# Thread: Axiom of Union (Set Theory)

1. ## Axiom of Union (Set Theory)

I have problems understanding this axiom.
It is stated:

For any set S, there exist a set B such that $\displaystyle x \in B \ iff \ x \in A \ for \ some \ A \in S.$

The wikipedia explanation doesn't really help either:

What the axiom is really saying is that, given a set S, we can find a set B whose members are precisely the members of the members of S. By the axiom of extensionality this set B is unique and it is called the union of S, and denoted ∪S.

My (infantile) understanding:
1. There is a large set S.
2. There is also a (somewhat smaller, but not necessary) set A.
3. Some elements of A also belong to S. (corollary: some elements of A lie outside of S). (is member = element?)
4. A unique set B exist in the intersection of A and S.

2. There is no general accepted or standard notation for the Zermelo-Fraenkel Axioms. This axiom is called “Axiom of the Sum Set: For any X there exists a set Y the union of all elements of X. (also called Axiom of Union)” It is sometimes symbolized as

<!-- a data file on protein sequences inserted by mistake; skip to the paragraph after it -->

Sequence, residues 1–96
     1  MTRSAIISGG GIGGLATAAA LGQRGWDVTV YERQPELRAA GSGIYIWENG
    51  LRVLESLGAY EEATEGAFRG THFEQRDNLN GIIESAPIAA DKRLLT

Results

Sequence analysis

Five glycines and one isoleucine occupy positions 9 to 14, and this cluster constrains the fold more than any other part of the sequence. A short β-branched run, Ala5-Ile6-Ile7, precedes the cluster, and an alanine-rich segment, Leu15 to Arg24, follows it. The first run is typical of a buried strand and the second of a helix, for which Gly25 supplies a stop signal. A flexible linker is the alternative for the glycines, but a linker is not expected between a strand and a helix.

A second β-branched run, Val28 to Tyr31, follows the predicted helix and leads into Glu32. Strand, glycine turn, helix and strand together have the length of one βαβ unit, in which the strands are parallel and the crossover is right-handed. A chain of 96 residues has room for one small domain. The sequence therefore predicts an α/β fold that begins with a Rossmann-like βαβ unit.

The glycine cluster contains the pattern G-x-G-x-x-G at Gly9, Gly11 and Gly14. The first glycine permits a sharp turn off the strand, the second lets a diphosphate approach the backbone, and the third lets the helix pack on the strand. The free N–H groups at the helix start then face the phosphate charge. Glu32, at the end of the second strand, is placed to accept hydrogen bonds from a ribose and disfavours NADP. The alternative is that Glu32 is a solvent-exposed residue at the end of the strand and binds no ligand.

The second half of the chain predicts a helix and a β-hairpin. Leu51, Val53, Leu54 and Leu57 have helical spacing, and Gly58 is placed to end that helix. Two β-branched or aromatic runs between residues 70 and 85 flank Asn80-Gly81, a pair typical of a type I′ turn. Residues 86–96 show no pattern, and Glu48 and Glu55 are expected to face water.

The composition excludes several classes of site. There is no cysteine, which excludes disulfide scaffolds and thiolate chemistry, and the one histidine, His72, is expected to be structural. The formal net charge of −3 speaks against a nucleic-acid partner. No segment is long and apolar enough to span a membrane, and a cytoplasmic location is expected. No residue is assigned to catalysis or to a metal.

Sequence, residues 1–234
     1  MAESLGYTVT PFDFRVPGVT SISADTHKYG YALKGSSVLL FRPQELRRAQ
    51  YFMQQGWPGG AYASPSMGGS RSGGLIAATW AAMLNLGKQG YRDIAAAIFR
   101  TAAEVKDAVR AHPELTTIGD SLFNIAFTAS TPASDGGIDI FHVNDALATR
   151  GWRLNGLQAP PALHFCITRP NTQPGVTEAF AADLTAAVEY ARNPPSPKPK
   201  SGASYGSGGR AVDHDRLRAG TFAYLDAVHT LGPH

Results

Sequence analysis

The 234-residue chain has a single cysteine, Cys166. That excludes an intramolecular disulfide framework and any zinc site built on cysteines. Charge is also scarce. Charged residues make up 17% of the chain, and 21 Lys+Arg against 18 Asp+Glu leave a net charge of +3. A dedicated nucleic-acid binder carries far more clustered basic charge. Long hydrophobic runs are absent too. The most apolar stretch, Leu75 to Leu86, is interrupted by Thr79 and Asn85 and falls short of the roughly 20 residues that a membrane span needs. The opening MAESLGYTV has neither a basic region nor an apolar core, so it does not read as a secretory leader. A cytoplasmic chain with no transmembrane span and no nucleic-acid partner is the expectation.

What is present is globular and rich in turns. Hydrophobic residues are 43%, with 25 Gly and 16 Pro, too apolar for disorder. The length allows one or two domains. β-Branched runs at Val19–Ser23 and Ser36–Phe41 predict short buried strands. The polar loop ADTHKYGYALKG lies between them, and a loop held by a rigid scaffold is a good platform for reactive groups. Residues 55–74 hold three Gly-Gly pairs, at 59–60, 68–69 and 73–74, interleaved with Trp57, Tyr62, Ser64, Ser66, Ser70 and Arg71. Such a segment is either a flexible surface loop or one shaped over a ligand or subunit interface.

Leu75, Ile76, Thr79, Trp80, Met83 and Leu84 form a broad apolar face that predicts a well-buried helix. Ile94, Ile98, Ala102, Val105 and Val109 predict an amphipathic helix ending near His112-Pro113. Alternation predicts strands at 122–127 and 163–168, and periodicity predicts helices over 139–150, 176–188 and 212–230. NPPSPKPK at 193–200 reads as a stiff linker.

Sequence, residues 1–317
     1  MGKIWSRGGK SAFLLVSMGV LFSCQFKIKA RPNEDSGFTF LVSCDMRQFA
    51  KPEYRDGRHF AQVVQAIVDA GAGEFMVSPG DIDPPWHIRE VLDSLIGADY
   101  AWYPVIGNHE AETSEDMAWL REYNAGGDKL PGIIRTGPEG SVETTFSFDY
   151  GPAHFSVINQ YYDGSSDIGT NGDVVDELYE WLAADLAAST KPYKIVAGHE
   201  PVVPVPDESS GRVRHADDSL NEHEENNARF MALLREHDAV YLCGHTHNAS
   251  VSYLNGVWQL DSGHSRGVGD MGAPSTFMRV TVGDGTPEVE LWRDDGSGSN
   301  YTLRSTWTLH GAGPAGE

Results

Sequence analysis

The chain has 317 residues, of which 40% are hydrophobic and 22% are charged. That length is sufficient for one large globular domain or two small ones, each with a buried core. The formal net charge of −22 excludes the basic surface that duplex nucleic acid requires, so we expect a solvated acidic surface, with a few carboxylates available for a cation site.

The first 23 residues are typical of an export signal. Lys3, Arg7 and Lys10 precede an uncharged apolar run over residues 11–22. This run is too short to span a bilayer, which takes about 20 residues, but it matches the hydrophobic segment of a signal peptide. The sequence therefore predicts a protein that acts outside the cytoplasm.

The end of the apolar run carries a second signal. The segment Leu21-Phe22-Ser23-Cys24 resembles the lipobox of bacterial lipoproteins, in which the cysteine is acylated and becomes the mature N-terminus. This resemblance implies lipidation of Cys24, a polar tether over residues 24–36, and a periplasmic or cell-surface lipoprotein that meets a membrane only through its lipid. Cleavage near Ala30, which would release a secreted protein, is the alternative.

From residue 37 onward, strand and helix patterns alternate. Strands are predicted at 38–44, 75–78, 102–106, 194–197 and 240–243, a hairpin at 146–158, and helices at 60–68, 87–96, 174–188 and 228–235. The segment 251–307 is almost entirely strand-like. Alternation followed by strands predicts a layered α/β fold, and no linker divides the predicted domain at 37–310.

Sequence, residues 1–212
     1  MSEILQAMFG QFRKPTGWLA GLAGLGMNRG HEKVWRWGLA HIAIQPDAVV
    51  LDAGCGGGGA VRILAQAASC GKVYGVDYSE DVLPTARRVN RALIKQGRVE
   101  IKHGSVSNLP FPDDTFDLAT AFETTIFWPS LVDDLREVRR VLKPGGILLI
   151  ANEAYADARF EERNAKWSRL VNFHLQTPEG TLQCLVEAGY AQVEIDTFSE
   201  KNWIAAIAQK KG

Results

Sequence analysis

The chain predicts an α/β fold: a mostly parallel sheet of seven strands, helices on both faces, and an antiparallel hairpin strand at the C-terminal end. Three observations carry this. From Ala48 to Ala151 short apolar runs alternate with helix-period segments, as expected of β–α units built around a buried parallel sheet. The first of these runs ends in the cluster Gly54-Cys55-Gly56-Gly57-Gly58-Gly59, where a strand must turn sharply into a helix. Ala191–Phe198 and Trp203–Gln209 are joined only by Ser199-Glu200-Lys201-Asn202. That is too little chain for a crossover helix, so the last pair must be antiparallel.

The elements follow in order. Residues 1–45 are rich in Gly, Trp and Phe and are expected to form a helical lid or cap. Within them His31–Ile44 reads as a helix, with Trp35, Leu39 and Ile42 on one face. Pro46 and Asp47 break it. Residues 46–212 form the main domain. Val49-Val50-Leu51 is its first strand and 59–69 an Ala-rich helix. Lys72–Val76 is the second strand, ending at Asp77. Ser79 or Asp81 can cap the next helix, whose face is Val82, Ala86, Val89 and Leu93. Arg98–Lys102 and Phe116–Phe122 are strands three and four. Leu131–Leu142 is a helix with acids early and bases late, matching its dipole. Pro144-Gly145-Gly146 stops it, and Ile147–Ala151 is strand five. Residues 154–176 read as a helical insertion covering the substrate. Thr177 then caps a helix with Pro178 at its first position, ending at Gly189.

$\displaystyle \left( {\forall X} \right)\left( {\exists Y} \right)\left( {\forall u} \right)\left[ {\left( {u \in Y} \right) \Leftrightarrow \left( {\exists z \in X \wedge u \in z} \right)} \right]$. You can find a good discussion, with examples, in ELEMENTS OF SET THEORY by H.B. Enderton.

3. Originally Posted by chopet
Tell us what book you are using.

The Axiom of Union says you can unionize all the elements together. Remember the elements are sets themselves. So if you have \{ A, B, C} then you can construct a set D which is the union of A,B,C. That is all it says.

4. Thank you for the lucid explanation. That's what I need.

I'm using Intro to Set Theory by Czech professors Karel Hrbacek and Thomas Jech.

5. Originally Posted by chopet
I'm using Intro to Set Theory by Czech professors Karel Hrbacek and Thomas Jech.
You go to CCNY?

6. Oh no.
I'm just fond of slavic mathematicians.